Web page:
There was a time when companies used to produce one or two products and sell them in a welcoming market. The Ford Model T comes to mind. Beginning there, we have come a long way. In companies like HUL, which has a string of brands – I hope the top management is aware of all of these, they multiply and get subtracted and morphed so fast – and under each brand, there are around 15 to 20 variants. The product mix can be mind boggling. Similarly take a company like Tata Steel. With a hot rolling mill, a cold rolling mill and several rod product mills, the number of products in the product mix could easily exceed a thousand.
To deal with these complexities, automation and computer advancements have aided a great deal. Let us look at some of the complexities. First, the number of customers has gone up geometrically, as also classified into layers – wholesalers, distributors, stockists, retailers, and finally, the end customers. Just imagine, your company had one product and 100 distributors. And each distributor placed an order once a month and was supplied once a month. This makes for 100 orders and supplies each month, respectively. Now consider, the product mix increases to 1,000. The tiered layer of distributors etc. is now a huge 1,000 plus end customers which the company serves directly through company-owned dedicated stores. If you include only the tiered layers, then we have 1,000. Let us assume each distributor orders for 50 products every month through 50 orders. Thus we have now 1,000*50*50 orders per month, or, 2.5 million orders per month! And you haven’t even begun to consider the company owned stores. You get the picture.
That’s talking from 100 orders to 2.5 million orders. What effect will this have on the manpower requirements? Let’s say that you employed one person to handle 100 orders, and that over time he could handle 1,000 orders per month, with the help of some automation, SAP etc. Poor SAP, he is still stretched! Now consider that the orders have gone up to 2.5 million per month. So how many people will you hire? I leave it to your imagination. You can now appreciate why CEO salaries have jumped by orders of magnitude; they have to deal with these magnitudinous problems.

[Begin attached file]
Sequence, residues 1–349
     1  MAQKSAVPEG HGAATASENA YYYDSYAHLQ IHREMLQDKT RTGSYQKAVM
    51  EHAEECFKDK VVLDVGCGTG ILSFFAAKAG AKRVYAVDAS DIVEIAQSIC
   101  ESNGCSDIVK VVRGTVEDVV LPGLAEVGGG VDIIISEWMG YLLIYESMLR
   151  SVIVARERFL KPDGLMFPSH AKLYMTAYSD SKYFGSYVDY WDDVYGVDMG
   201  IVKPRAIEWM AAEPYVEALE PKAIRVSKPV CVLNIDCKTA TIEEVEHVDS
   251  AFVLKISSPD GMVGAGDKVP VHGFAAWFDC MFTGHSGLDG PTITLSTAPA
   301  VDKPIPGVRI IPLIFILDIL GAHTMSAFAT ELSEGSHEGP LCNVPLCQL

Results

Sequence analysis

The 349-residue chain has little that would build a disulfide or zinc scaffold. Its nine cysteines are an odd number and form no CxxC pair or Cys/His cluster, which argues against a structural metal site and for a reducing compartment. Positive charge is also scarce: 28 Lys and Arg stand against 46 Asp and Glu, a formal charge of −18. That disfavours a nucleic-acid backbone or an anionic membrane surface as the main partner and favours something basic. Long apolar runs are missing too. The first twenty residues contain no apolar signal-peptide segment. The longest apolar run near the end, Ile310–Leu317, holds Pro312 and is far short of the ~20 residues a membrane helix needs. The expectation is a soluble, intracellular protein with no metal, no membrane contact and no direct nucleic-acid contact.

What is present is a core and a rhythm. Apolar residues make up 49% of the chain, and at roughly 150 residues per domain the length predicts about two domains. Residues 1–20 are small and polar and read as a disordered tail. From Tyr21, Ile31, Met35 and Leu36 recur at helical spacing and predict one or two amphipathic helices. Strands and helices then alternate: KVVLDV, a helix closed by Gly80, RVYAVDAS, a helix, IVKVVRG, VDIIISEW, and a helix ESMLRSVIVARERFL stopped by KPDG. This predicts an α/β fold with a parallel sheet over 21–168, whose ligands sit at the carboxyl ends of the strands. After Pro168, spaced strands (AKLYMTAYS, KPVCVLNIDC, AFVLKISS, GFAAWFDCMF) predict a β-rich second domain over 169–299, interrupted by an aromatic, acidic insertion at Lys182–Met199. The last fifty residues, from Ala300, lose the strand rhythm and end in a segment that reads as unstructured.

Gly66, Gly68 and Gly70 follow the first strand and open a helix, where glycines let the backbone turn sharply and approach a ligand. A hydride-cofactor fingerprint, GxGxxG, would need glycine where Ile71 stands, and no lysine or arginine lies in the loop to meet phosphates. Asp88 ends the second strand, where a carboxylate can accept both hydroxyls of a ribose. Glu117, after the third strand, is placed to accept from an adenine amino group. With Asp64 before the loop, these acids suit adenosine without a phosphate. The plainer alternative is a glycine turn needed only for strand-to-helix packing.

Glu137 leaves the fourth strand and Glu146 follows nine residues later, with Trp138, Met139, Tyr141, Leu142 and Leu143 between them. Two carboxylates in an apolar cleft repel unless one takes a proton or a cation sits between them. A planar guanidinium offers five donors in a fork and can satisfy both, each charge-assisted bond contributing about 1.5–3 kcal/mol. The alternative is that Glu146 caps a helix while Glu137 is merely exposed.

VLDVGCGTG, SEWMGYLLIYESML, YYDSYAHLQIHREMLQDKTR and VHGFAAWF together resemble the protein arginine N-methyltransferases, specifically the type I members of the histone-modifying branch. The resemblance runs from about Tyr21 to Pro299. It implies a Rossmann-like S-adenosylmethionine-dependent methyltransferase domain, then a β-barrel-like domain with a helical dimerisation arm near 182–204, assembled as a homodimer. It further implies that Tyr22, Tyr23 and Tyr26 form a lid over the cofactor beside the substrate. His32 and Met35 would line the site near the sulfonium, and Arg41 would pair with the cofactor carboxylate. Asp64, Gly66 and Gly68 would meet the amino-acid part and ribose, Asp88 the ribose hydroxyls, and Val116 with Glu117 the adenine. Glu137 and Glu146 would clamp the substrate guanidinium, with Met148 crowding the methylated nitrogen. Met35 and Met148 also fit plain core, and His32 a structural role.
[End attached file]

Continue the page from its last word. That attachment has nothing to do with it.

Now, multiply by the amazing number that one sees on the television screen these days. Amazon is offering 2.5 crore items for sale through the EC. Let me tell you the zeroes – 25,000,000 (25 million). And then today I saw another shocker. EBay is offering 100 million items or 10 crore items on its platforms. Isn’t the world going nutty?
Let us look at the impact on logistics. If for the 100 orders, 10 trucks were needed every month, one might be tempted to say that for 2.5 million orders, one might need 250,000 trucks. Making allowance for a compression ratio of 1:100, the requirement will come down to 2,500. What’s going on? What has EC unleashed? Logistics will go loony, transport will go bonkers and roads will be soon flooded by CV traffic –commercial vehicles like trucks, pick-ups, trailers, containerised trucks etc.
But the figures of CV sales show that, in India, over the last few years, the demand has been going down. So what’s happening? With Amazon, Flipkart (let’s hope the cart won’t flip), Snapdeal and the lot, one would have looked forward to a big boost to CVs. But I guess another phenomenon is hitting the logistics scene – that of smaller vehicles likes the Tata Ace, Mahindra Maximo and the tempos. And then the UAVs (of the “surgical strikes” fame) and the drones. While overall the need for logistics has increased manifold, the log–mix is undergoing a change due to the advent of EC. Most of EC sales is retail and wholesale is perhaps on the decline. This can lead to a reduction in the need for large, tonnage trucks, but smaller trucklets, with shorter run spans.
And then the number of orders – this is the biggest paradigm changer. Whereas materials managers and procurement specialists dealt with “reasonable” numbers of items, the explosion of offers from the likes of Walmart, Safeway, Amazon, Flipkart, Snapdeal and their ilk is likely to cross “reasonable” limits by large margins. This will surely lead to changes in purchase practices, materials receipts, storage practices, warehousing and warehouse practices, monitoring of stocks systems (I think RFID will soon, if not already, have to make way for something else). This indicates that the future tasks, skill sets, competencies required of personnel in company employment will be quite different. Digital systems will have to be used in much larger areas and in a much more intensive manner. Linked, interactive, AI inbuilt systems will have to be the norm rather than the exception. Software will have to be everywhere.
Welcome to the brave new world of Operations Management – whose name itself will have to change to Value Stream Management. This is a world where systems are studied in a holistic and integrated manner, without the classical finance, HR, operations etc. Value Streams will deliver values to customers through a seamless network of linked and interactive series of systems, to drive which one needs multiple, cross functional knowledge and expertise. So the future world will be one of higher specialisation, but more broad-based knowledge coverage. That’s the brave new world of a Value Driven Society.